We can’t expect the foolhardy crowd in the House to provide our party with any good leadership, can we? The three favorite candidates to move into Pelosi’s old office when she becomes Speaker are John Boehner, Joe Barton, and Mike Pence. Boehner we can all remember from his role in the Foley scandal and cover-up where he may or may not have told Speaker Hastert what he knew about Foley’s indiscretions. Pence is an extreme conservative hoping to bring change to the GOP by being even more rightwing. Barton long spouted the necessity of traditional family values before his divorce in 2003 and marriage to another woman soon after. He has received extremely large contributions from energy companies while consistently denying the existence of global warming. When he seems to be the more moderate of the candidates for the job, the GOP is in trouble.

Unless the Republican Party wakes up and realizes it needs to change, it will continue to fall by the wayside. I expected the recent election to be a sufficient wakeup call, but apparently was wrong. What will it take to make the GOP move a little left?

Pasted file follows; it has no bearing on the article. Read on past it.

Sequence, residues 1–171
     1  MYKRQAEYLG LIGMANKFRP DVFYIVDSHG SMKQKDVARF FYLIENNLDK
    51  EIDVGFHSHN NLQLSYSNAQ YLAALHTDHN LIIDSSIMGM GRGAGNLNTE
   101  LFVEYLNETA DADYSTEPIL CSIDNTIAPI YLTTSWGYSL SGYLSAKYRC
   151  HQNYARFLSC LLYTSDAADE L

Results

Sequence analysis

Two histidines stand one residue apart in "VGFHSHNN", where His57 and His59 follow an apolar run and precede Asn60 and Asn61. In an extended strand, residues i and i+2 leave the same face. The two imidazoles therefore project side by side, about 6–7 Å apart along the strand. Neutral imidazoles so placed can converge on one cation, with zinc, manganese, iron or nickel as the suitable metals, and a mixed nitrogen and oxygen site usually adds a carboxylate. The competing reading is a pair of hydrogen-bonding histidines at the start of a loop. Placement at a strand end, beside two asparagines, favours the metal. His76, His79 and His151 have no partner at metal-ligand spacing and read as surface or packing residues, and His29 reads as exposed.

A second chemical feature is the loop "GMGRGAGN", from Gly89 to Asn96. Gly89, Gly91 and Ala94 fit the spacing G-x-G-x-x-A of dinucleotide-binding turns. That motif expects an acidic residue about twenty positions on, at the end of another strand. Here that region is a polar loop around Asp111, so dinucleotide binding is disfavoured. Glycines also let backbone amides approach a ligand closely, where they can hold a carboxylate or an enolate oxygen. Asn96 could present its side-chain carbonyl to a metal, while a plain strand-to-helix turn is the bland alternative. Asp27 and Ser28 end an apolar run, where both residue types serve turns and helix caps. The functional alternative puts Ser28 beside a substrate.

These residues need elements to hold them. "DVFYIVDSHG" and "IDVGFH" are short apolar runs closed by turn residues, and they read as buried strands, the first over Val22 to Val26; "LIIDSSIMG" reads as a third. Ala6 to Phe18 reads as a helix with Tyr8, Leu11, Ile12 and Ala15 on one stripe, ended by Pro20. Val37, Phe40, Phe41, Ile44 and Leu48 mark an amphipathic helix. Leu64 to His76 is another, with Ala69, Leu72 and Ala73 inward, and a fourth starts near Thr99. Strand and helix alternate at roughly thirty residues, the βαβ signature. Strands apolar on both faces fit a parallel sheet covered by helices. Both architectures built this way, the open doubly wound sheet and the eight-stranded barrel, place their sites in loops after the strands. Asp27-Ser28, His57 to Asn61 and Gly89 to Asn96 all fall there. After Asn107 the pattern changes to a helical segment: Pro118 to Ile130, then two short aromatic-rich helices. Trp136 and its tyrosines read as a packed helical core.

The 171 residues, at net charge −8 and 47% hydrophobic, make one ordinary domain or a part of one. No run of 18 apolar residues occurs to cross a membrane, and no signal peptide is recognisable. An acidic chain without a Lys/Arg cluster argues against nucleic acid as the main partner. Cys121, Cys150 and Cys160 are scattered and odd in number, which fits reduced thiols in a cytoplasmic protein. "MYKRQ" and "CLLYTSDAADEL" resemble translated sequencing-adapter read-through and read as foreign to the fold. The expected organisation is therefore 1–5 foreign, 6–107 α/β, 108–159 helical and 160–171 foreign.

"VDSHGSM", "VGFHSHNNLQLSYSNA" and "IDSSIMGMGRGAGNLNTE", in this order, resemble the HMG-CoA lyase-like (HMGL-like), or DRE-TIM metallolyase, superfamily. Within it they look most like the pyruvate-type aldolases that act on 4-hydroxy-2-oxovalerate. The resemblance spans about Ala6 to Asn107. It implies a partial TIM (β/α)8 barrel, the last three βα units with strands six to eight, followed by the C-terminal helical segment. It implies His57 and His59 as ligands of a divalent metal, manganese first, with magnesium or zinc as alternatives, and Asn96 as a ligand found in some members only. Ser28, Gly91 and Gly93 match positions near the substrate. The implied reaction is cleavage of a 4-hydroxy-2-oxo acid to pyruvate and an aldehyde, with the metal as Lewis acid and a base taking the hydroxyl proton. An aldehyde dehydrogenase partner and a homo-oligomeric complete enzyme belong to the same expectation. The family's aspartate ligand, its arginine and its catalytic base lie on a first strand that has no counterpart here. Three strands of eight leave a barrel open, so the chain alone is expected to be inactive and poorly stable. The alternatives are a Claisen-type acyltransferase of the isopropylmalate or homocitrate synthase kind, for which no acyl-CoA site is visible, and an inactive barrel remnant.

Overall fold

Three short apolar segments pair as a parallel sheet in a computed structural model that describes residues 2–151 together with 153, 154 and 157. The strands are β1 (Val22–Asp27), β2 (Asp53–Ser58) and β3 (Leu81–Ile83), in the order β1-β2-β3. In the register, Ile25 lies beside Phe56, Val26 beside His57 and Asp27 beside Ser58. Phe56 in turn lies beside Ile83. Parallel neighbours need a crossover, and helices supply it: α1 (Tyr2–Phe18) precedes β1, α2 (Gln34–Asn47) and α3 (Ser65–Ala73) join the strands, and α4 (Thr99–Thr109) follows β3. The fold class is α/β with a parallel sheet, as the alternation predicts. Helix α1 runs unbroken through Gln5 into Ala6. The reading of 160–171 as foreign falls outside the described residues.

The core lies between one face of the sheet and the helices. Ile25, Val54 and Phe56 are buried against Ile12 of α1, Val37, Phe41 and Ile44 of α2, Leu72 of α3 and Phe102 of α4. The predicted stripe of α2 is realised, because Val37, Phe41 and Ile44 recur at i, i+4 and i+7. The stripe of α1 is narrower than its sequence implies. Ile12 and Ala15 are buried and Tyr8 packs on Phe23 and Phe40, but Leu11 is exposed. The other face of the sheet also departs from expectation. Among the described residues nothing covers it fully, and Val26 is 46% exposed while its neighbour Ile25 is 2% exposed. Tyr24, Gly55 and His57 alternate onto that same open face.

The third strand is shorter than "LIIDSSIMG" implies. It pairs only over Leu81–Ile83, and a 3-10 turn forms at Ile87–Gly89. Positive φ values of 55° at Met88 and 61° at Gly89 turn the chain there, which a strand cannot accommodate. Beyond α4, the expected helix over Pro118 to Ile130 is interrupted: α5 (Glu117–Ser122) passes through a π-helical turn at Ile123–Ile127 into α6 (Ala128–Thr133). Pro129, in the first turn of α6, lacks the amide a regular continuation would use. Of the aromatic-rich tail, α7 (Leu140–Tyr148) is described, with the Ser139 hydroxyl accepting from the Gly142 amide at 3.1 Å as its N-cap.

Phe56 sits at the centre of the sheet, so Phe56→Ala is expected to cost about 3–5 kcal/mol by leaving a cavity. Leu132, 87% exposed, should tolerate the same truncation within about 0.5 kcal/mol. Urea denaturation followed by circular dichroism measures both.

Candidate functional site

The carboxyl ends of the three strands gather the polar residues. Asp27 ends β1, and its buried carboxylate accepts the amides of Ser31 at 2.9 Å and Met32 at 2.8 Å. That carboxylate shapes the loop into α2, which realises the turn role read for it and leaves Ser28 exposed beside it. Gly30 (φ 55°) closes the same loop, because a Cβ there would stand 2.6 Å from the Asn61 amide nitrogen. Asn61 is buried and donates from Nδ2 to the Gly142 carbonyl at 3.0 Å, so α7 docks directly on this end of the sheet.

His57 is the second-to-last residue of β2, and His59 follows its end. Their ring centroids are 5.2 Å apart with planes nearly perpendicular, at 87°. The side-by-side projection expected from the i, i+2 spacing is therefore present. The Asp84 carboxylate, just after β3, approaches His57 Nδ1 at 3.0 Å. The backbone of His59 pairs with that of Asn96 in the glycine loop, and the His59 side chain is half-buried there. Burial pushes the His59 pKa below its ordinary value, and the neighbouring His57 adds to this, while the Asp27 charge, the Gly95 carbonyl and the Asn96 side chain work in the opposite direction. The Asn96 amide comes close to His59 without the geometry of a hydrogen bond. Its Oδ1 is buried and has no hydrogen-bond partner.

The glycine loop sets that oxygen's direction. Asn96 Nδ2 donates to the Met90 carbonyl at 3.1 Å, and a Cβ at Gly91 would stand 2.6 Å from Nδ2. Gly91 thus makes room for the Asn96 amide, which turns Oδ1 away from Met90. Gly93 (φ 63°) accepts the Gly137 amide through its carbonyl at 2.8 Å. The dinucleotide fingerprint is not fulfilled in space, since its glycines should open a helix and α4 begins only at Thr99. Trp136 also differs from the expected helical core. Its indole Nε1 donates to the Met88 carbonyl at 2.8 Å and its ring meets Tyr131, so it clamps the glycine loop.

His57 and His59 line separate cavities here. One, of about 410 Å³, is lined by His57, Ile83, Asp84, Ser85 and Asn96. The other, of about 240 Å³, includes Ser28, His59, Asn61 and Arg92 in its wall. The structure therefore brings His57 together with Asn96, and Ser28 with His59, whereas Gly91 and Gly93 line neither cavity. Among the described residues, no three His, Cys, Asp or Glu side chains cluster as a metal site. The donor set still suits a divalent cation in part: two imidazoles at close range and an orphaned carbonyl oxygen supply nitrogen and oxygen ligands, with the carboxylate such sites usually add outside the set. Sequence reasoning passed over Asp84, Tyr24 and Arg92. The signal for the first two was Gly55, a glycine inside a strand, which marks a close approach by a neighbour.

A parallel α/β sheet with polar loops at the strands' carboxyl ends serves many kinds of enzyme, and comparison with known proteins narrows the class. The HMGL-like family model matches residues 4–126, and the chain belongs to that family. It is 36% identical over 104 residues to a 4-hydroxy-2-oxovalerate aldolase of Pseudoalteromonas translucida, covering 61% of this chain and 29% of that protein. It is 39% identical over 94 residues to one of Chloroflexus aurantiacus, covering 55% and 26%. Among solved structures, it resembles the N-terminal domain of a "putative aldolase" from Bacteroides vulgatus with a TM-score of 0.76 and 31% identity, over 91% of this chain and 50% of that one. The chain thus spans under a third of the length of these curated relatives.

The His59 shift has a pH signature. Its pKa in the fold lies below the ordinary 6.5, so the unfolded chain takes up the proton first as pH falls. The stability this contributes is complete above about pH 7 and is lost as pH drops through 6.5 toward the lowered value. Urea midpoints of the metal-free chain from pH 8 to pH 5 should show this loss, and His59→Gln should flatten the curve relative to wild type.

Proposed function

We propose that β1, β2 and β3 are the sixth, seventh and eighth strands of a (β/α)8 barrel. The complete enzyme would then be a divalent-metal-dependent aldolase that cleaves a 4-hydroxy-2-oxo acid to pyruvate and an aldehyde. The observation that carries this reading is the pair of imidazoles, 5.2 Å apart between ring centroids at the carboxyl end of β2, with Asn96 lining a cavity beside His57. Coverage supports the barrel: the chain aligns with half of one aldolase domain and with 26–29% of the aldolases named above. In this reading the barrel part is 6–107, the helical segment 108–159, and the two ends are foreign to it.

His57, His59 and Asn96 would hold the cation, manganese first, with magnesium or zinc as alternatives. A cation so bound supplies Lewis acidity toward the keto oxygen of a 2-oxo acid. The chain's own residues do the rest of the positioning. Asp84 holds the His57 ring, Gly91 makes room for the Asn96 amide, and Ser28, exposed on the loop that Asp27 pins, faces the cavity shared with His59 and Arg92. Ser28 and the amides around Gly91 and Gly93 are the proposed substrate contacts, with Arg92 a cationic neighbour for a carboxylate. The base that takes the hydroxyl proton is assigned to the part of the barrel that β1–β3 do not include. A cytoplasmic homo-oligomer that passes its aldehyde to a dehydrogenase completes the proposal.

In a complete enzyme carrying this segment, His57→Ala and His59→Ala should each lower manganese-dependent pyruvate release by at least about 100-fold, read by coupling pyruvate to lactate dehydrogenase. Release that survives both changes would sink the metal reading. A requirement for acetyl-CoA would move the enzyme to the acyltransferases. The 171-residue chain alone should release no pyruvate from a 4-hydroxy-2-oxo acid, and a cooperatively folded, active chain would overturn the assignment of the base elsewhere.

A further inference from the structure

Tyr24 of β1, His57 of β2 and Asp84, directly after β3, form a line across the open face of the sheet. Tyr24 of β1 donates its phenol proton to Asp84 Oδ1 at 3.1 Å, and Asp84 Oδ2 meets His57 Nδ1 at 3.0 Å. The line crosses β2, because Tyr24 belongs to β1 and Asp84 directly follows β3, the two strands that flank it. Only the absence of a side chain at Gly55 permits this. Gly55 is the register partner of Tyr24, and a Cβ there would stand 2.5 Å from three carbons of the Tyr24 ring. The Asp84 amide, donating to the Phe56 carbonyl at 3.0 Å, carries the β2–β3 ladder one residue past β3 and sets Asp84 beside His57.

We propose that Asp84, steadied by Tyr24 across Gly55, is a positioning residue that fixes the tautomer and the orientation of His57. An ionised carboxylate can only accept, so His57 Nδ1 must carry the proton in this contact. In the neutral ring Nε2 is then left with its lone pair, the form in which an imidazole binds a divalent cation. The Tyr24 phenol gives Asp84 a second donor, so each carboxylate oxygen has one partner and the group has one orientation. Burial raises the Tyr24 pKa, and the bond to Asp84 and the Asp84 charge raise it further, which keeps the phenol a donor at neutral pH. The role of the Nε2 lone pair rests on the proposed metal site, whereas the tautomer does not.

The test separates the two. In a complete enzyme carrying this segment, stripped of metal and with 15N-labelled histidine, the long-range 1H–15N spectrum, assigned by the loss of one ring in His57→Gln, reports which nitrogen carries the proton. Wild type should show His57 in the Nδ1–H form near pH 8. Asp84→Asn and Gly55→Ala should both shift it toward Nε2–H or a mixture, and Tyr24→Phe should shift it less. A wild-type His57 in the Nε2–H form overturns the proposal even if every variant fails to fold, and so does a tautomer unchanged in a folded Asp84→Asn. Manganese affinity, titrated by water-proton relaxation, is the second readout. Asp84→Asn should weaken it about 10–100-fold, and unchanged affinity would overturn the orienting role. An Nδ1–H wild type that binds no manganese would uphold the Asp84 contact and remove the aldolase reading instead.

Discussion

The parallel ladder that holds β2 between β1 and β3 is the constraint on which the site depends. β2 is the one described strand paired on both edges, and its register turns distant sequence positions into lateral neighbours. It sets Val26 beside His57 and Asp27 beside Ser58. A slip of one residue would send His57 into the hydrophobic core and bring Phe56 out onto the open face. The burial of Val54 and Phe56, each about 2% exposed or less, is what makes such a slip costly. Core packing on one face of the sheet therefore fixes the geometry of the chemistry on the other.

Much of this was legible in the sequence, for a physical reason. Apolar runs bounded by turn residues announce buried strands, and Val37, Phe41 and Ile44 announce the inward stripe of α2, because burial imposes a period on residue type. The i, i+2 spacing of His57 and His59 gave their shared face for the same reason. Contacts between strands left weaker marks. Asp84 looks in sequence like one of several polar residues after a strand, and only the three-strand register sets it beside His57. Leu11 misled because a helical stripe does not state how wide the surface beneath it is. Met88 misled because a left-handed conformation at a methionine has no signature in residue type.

3 comments:

Garth said...

Leaving aside the unique dynamics of California's Republican politics (since most Republicans are shut out of positions of power in this unusually center-left state in the center-right nation), I think that not only is the country not moving back to the center, but our fellow countrymen are looking for a conservative, level-headed leadership since Republican leadership lost its way.

As we get further and further away from election day it is more obvious that Nancy Pelosi plans to run the House from the far left (her support of John Murtha over the more moderate Steny Hoyer is further evidence of this), and far left grassroots groups are writing stories such as "Democrats, Don't Wimp Out" by Paul Waldman at TomPaine.com. The author's signature sentence of the whole moment is, "Forget about the center; push progressive ideology and crush the opposition."